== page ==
Venezuela in Crisis
If there’s one thing that all sides agree on, it’s that Venezuela is in crisis – both political and humanitarian. The country has two recognised presidents, holding rallies on the same day in the capital Caracas. Inflation is due to hit ten million per cent this year, according the IMF. Despite access to the globe’s largest known crude reserves, oil production is at its lowest ebb since the forties. The human suffering is continuing. While international aid sits at the borders, a pawn in the power plays, hospitals lie full of patients and empty of medicine. Venezuelans fleeing starvation continue to embark on dangerous journeys to Colombia and further afield, in the world’s worst refugee crisis after Syria.
Bellicose noises emit from the White House, as President Trump appoints Elliot Abrams special envoy to Venezuela – a US foreign policy hawk involved in the Iran Contra scandal. Alongside the US, significant regional players including the governments of Colombia, Brazil and Argentina have recognised Juan Guaido’s legitimacy. In Europe, the mood is similar. Our own shadow foreign secretary, Emily Thornberry, refuses to ‘strike a pose’ and acknowledge Juan Guaido as president, denouncing ‘outside interference’ in Venezuelan affairs as unproductive for the Venezuelan people.
Join a panel of reporters, broadcasters and experts who’ve been covering the crisis for an in-depth look at the unfolding events. The challenges of reporting in a divided country that faces growing instability and turmoil – for Venezuelan and foreign journalists alike – are huge. Our panel will also be discussing the threats to press freedom and the media workers covering the news in Venezuela in the current crisis.
Lindsey Hilsum is Channel 4 News International Editor, and has covered many of the conflicts of recent years including in Syria, Ukraine and the Arab Spring. She was in Baghdad for the 2003 US invasion of Iraq, and in Belgrade for the 1999 NATO bombing. In 1994, she was the only English-speaking correspondent in Rwanda when the genocide began. She has won awards from the Royal Television Society and BAFTA amongst others. Hilsum has just returned from Venezuela where she has been reporting for Channel 4 News.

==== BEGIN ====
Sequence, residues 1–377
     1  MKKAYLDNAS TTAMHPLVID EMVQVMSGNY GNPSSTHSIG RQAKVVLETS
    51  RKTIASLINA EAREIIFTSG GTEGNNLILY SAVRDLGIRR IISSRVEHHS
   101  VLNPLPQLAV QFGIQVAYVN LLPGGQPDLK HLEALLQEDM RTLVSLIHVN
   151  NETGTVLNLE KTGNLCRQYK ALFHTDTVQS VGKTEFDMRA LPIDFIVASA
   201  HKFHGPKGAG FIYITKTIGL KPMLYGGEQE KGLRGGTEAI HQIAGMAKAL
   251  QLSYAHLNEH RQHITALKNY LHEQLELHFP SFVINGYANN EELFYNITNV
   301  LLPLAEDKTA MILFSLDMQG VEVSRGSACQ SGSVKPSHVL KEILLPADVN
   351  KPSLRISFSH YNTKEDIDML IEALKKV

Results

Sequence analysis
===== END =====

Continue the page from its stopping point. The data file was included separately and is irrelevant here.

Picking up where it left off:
Vladimir Hernandez is a BBC journalist with more than ten years of experience covering Latin American affairs. He’s made documentaries on the Mexico Drug War, reported on the legalisation of cannabis in Uruguay, and worked as a correspondent in Argentina for 2 years. Since 2014 he’s regularly been travelling back home to Venezuela to show the country’s slide into humanitarian crisis and the severe deterioration of human rights by security forces – especially during the 2017 anti-government protests. His documentary for Our World Going Hungry in Venezuela remains one of the most watched videos for BBC Mundo on YouTube and his latest reports for the BBC’s Ten o’Clock News still remain widely shared on YouTube, including a piece from a market where the poor buy rotten meat to eat which has had almost 3 million views. Vladimir was born in France but is a Venezuelan / British citizen.
Ana Vanessa Herrero is the New York Times correspondent in Venezuela who also contributes reporting from across the region. She will be joining the discussion via live link-up from Caracas.
Oscar Guardiola-Rivera is Professor of Political Philosophy and Human Rights, Birkbeck College, University of London, and author of the award-winning “What If Latin America Ruled the World? (2010)” and “Story of a Death Foretold, The Coup Against Allende” (2013) – selected as a non-fiction Book of the Year by The Observer. He’s a member of the Royal Society for the Advancement of the Arts (RSA).